I’m at the hospital this morning to do a postpartum test to determine whether or not the gestational diabetes I developed during pregnancy has continued. It’s a test I have been dreading more than I’ve admitted, because the truth is that I’m afraid of finding out that I’ll have to restrict my diet for the rest of my life.
It’s a long test so I’ll be sitting here for close to three hours. I forgot a book, though I’ve got a couple downloaded on my phone, but right now, it’s wonderful to listen to a conversation between older people who ran into each other here in the waiting room.
It’s part of the beauty of a small town, one of the things I love. It’ll be unusual if I don’t see someone here who I know, even though the hospital isn’t generally a place I frequent; a small town means that I’ve crossed paths with a lot of people, and they with me. It makes going to the grocery store a social event, driving down the highway an opportunity to delight in friends headed the other way.
This small group is reuniting unexpectedly and covering a range of topics. Right now, they’re discussing someone they knew who died after a motorcycle crash; they’ve decided it’s less sad because he was 80. It’s a bit voyeuristic, but I’m loving this conversation. They’re talking about people they’ve known their whole lives. One woman is talking about someone who recently died, who was her oldest friend. They met when they were two, when one then-little girl hit the other then-little girl with a metal pot she found in the sandbox. Stay away from that little girl, the injured girl’s mom said, but she didn’t listen, and then those two were friends for the rest of their lives.
This group is talking about everything: people they’ve all known, their families, tragedies that other people experienced. They’re talking about what they do for fun, where they still travel. One of them gets called back into the lab, and the others keep talking. They know each other’s families, can draw the map of connections between people with names like Mary and Dylan and Dan.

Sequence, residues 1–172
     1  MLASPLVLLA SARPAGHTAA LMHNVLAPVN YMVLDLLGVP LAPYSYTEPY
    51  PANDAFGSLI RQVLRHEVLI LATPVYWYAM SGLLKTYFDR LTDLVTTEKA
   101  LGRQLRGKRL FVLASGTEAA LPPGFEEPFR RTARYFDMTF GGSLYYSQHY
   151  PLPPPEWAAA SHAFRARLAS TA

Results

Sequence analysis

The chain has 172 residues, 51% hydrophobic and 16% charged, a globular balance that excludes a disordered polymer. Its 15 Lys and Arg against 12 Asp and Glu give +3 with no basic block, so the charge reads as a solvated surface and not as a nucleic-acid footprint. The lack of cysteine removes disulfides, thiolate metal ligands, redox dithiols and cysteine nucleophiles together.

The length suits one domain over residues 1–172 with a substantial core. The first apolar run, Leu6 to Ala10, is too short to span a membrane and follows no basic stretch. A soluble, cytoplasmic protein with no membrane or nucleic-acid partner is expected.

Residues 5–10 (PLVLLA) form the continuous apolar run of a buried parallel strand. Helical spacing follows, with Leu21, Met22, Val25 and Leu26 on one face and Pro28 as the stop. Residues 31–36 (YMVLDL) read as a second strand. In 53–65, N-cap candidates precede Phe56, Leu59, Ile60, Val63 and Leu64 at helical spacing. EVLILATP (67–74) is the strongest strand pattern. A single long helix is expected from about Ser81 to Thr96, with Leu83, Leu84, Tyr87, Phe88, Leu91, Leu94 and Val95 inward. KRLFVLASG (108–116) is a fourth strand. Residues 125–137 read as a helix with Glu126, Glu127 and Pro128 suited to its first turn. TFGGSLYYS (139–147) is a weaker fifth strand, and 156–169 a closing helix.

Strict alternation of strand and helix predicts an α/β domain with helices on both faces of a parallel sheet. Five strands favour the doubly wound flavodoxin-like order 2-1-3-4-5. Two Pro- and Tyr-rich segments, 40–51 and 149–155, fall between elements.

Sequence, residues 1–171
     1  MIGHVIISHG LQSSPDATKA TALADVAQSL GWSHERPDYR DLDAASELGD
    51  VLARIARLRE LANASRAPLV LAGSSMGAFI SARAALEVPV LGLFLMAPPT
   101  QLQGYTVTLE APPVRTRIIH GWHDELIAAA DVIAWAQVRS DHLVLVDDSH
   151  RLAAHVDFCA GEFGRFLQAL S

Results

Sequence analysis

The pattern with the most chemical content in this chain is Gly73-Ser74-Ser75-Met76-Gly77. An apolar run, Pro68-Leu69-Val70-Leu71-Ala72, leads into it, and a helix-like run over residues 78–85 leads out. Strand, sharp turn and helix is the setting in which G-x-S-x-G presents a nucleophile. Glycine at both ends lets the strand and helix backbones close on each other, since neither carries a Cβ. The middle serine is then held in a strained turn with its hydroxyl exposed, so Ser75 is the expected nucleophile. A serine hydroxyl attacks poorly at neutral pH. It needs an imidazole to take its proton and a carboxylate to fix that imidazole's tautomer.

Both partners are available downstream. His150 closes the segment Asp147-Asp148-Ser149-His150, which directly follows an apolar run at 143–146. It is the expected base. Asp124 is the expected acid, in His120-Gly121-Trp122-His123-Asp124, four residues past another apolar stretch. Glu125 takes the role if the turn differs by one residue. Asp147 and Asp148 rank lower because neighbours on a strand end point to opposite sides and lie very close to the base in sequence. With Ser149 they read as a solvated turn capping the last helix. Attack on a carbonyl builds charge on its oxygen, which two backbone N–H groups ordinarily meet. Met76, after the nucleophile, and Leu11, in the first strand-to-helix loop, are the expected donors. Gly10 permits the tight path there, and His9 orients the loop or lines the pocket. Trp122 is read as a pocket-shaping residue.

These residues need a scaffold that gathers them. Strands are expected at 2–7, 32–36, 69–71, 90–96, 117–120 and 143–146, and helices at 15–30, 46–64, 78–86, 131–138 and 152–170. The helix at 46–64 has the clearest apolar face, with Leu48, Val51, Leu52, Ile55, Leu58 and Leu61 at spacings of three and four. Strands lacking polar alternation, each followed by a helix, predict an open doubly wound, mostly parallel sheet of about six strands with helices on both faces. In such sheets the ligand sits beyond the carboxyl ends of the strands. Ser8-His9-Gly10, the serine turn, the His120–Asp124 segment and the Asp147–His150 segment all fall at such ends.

It is a wonderful conversation to eavesdrop on, and oh – how I wish these people well!
I think this must be rare, for people who have known each other for their entire lives to still live in the same town, to still be able to run through collective experiences together. Surely that’s good for us. I won’t have that; I haven’t lived anywhere for that kind of steady time. I’ve lived in California for about 10 of my adult years, but not all at once. Truthfully, I wouldn’t change that; my adulthood has been spread out across states like North Carolina, Virginia, and (the soon-to-be state) DC. Still, I think it’s really neat to find people who have stayed in the places where they started.
I suppose now I have a decision to make, though not for me. Will the place where my baby comes from always be home, at least through high school? It’s a big question, and one I won’t answer today, or likely anytime soon. But however it happens, I hope one day that there’s this kind of reminiscing with good friends for my child, these kinds of people to help mark the ups and downs of life.
I know enough to know that’s not about where you settle; it’s about how you build and sustain connection. I have those types of people, and I’m better for it. For instance, it helps me feel less afraid of the results of this test. Whatever this test says about my eating habits to come, I know I’m the luckiest to have people by my side who will help me adjust and grow.
Three hours in the hospital waiting room sounded like no fun at all, and I’m eager to get my baby in my arms again, but this has actually been a sweet little interlude. The group has finished their business and moved on, but not before one talked to me briefly about how overjoyed they were to run into their friends here. It felt a little like a celebrity interaction, and somehow – even if I don’t see anyone I knew before this morning for the rest of the day – it feels like I’ve touched base with someone I know, after all.